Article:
# Using the Poisson Transform for Seamless Image Overlay

In the problems of machine vision and automated image processing, the problem of seamless image overlay is often encountered. For clarity, I’ll immediately give an example.

By seamless image overlay (blending) we mean a method that allows you to insert part of one image into another so that there are no noticeable seams at the borders of the inserted image. This method, as it were, adjusts the inserted part for the rest of the image. In fact, to obtain the result, only the gradient field of the inserted part and the pixel values of the original image at the border of the processed area are used.

Let us have images A, on which image B is superimposed in a certain place.

For seamless blending, the gradient of the image A in the image area B should be equal to the gradient of the image B. Color recovery in the area B will be based on the gradient in the area B and the color data of the image A on the border of the area B.

This means that to obtain the resulting image, you need to restore image by its gradient, i.e. solve the Poisson problem.

Below is a solution to the problem for a monotonous image. For RGB images, the method is applied to each channel.

Define the border of the inserted region as follows:

And calculate the gradient of the overlay image:

Now all the data is available and we can compose the Poisson equation:

where (x, y) is the coordinate of the current pixel, N is the number of neighboring pixels not including borders (not more than 4), (dx, dy) are the coordinates of neighboring pixels, can take values from the set {(-1, 0), (1 , 0), (0, -1), (0, 1)}

Thus, an equation is compiled for each unknown pixel. As a result, we get a system with M unknowns, where M is the number of pixels of the inserted image. It remains only to solve this system. There are a lot of methods for solving this, but the Jacobi method and the Gauss-Seidel method are usually used for the solution.

Often, in a superimposed area, a gradient field is mixed with the original image. For example, take the maximum value of the gradients A or B at a certain point. It’s best to feel the difference between the original and the combined gradient using an example.

Image Gradient Recovery B:

Recovery by the maximum gradient of images A and B:

Obviously, it is advisable to use image recovery from a combined gradient for objects that have a transparent structure (water, rainbow, clouds, etc.).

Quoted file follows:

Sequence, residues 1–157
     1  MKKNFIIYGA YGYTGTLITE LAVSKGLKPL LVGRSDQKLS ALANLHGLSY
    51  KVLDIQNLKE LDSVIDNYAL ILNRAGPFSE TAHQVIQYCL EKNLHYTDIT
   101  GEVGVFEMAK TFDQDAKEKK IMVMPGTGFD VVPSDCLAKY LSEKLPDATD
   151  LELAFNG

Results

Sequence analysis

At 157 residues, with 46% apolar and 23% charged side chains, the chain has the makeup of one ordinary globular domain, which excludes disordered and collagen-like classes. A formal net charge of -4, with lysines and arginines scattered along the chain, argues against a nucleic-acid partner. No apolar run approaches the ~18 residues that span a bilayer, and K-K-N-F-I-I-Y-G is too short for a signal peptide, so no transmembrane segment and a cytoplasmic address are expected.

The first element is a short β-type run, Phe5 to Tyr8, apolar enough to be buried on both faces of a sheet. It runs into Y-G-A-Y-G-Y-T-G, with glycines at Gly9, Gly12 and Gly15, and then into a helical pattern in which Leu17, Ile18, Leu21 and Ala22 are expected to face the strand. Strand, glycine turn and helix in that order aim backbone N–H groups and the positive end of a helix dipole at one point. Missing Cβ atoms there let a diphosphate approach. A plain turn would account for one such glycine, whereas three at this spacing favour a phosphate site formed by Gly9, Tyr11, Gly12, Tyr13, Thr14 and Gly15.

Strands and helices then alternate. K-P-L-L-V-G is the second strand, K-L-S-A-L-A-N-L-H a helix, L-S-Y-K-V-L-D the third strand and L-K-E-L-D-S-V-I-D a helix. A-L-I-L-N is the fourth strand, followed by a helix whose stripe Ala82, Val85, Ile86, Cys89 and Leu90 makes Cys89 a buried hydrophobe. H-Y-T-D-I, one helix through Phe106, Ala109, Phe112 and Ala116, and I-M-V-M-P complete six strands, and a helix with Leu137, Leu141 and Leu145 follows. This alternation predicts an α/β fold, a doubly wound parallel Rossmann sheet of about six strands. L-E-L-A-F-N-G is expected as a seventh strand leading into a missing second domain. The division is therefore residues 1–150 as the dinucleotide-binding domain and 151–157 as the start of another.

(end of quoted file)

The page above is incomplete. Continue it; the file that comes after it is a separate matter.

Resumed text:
And here's how a rainbow overlay would look without a combination of gradients

By seamless image overlay (blending) we mean a method that allows you to insert part of one image into another so that there are no noticeable seams at the borders of the inserted image. This method, as it were, adjusts the inserted part for the rest of the image. In fact, to obtain the result, only the gradient field of the inserted part and the pixel values of the original image at the border of the processed area are used.

##### Formulation of the problem

Let us have images A, on which image B is superimposed in a certain place.

For seamless blending, the gradient of the image A in the image area B should be equal to the gradient of the image B. Color recovery in the area B will be based on the gradient in the area B and the color data of the image A on the border of the area B.

This means that to obtain the resulting image, you need to restore image by its gradient, i.e. solve the Poisson problem.

Below is a solution to the problem for a monotonous image. For RGB images, the method is applied to each channel.

##### Decision

Define the border of the inserted region as follows:

And calculate the gradient of the overlay image:

Now all the data is available and we can compose the Poisson equation:

where (x, y) is the coordinate of the current pixel, N is the number of neighboring pixels not including borders (not more than 4), (dx, dy) are the coordinates of neighboring pixels, can take values from the set {(-1, 0), (1 , 0), (0, -1), (0, 1)}

Thus, an equation is compiled for each unknown pixel. As a result, we get a system with M unknowns, where M is the number of pixels of the inserted image. It remains only to solve this system. There are a lot of methods for solving this, but the Jacobi method and the Gauss-Seidel method are usually used for the solution.

Often, in a superimposed area, a gradient field is mixed with the original image. For example, take the maximum value of the gradients A or B at a certain point. It’s best to feel the difference between the original and the combined gradient using an example.

Image Gradient Recovery B:

Recovery by the maximum gradient of images A and B:

Obviously, it is advisable to use image recovery from a combined gradient for objects that have a transparent structure (water, rainbow, clouds, etc.).

And here's how a rainbow overlay would look without a combination of gradients

##### Application of Poisson Blending Transformation

- Replacing faces / inserting new objects into the frame
- Overlay objects in a frame that have a transparent structure
- Image smoothing when creating panoramas
- Smoothing images when creating 3D models of objects

##### References

- Original article
- A bit of theory, application and examples
- SLAE solution using the Jacobi method and the Gauss - Seidel method + sources
- Program + Java sources
- Photos taken using Blend Me